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No, if the employee has failed to inform the employer of their intention to return to work or ability to return if adjustments are made, held the Employment Appeal Tribunal (EAT) in Doran v Department for Work and Pensions.
Miss Doran worked for the Department for Work and Pensions (DWP) as an administrative officer from May 2009. She began to feel unwell and went on sickness leave due to stress in January 2010. In February, Miss Doran attended a meeting with the DWP where she was offered administrative assistant duties and part-time hours for four weeks to support her return. She consulted her doctor but did not accept the offer.
By May 2010, Miss Doran had not returned to work, and in line with DWP's attendance policy, she was given notice of dismissal.
Miss Doran claimed that the DWP failed to make reasonable adjustments under s4A of the Disability Discrimination Act 1995 (DDA) (subsequently replaced by the Equality Act 2010 (EqA)), on the basis that a four week phased return to work was not reasonable.
The Employment Tribunal (ET) held that Miss Doran had a disability and was placed at a substantial disadvantage by DWP's attendance policy. However, it rejected Miss Doran's claim on the basis that DWP's duty to make reasonable adjustments had not been triggered because Miss Doran had failed to inform DWP that she was returning to work or give any sign that she would be able to return if adjustments were made.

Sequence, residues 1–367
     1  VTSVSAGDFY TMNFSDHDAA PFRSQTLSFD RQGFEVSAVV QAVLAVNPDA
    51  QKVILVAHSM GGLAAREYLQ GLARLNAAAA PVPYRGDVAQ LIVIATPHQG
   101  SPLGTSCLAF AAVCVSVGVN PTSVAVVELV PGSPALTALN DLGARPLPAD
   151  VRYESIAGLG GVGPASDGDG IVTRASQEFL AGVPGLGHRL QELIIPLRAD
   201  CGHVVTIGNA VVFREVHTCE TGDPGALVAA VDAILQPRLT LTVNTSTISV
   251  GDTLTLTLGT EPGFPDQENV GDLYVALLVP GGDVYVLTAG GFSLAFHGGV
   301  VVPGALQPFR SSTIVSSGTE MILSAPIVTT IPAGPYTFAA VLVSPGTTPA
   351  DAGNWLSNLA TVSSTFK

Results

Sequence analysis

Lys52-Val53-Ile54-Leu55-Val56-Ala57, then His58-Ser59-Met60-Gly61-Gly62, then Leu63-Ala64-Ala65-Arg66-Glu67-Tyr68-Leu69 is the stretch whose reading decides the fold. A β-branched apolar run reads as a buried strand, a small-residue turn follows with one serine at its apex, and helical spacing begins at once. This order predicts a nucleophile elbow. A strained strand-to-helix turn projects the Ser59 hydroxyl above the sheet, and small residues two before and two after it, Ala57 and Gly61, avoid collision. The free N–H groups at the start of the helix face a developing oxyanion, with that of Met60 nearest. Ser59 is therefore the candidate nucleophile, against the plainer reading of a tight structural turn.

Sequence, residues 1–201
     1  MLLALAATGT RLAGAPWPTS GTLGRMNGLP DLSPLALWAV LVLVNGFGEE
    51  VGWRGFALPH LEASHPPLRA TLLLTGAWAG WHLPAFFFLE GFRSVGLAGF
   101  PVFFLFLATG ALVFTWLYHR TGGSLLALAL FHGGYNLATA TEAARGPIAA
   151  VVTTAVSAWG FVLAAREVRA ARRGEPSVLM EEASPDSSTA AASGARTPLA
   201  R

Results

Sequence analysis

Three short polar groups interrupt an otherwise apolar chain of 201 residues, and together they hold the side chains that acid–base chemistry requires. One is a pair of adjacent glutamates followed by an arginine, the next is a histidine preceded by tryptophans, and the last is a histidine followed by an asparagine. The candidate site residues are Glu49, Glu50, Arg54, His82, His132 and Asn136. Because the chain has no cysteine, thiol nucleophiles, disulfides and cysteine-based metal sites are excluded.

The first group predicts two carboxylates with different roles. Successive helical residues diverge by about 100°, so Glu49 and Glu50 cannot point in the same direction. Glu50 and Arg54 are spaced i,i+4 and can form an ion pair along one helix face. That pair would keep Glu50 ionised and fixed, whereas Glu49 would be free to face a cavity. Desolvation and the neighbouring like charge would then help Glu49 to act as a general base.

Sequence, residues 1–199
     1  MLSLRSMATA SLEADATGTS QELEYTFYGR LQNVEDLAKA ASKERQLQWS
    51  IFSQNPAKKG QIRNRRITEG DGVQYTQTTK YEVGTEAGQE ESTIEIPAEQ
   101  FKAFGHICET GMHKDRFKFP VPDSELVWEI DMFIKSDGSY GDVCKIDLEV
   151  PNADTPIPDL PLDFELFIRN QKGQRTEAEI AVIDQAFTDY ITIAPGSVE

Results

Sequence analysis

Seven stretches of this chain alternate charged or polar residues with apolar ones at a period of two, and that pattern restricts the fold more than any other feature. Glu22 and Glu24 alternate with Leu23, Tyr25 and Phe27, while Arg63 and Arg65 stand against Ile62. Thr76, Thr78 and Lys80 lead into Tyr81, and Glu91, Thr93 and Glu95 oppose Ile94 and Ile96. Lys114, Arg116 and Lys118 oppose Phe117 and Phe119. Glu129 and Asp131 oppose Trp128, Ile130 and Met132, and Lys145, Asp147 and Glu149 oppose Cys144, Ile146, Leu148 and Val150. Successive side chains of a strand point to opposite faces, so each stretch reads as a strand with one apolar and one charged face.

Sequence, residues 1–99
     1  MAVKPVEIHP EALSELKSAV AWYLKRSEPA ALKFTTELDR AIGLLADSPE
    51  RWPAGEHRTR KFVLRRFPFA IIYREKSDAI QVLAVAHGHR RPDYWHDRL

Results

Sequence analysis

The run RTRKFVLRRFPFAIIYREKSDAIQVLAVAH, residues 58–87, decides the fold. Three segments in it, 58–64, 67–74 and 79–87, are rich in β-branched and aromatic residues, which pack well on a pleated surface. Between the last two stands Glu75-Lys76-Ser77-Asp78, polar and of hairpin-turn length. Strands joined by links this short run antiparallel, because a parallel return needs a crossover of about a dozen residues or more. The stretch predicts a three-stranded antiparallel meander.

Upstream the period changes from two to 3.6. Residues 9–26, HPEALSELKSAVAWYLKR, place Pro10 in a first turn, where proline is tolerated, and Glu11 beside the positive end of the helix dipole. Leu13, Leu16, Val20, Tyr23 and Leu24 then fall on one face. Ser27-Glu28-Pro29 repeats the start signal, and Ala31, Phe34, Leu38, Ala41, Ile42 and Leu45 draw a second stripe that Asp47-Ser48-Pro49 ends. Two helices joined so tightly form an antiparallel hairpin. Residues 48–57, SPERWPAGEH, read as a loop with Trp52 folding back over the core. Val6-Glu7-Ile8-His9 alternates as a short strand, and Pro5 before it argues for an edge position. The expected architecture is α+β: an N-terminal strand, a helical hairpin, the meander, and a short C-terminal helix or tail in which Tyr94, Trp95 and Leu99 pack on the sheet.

Miss Doran appealed to the EAT, who upheld the ET's decision.
This case suggests that an employee must be in a position to return to work or have expressed an intention to their employer to resume some of their duties, for the duty to make reasonable adjustments in the form of a phased return to be triggered.
However, it should be remembered that it was decided under the DDA and not the law as it currently stands. The EqA would have provided Miss Doran with the right to bring a claim for 'discrimination arising from disability'. Therefore she could have claimed that her dismissal pursuant to DWP's absence policy amounted to unfavourable treatment because her absence arose as a consequence of her disability. To avoid liability for such a claim, the DWP would have needed to show that any unfavourable treatment was objectively justified (ie a proportionate means of achieving a legitimate aim).
As claims relating to dismissal for poor attendance are more likely to be framed in the context of discrimination arising from disability or indirect disability discrimination, rather than failure to make reasonable adjustments, employers should assess whether the trigger points in their attendance management policies are capable of objective justification, ie is the policy in pursuance of a legitimate aim?
And if so, is dismissal after a certain period of absence a proportionate means of achieving that aim? It is always worthwhile considering any dismissal due to long term absence on a case by case basis, to manage the risk of discrimination claims.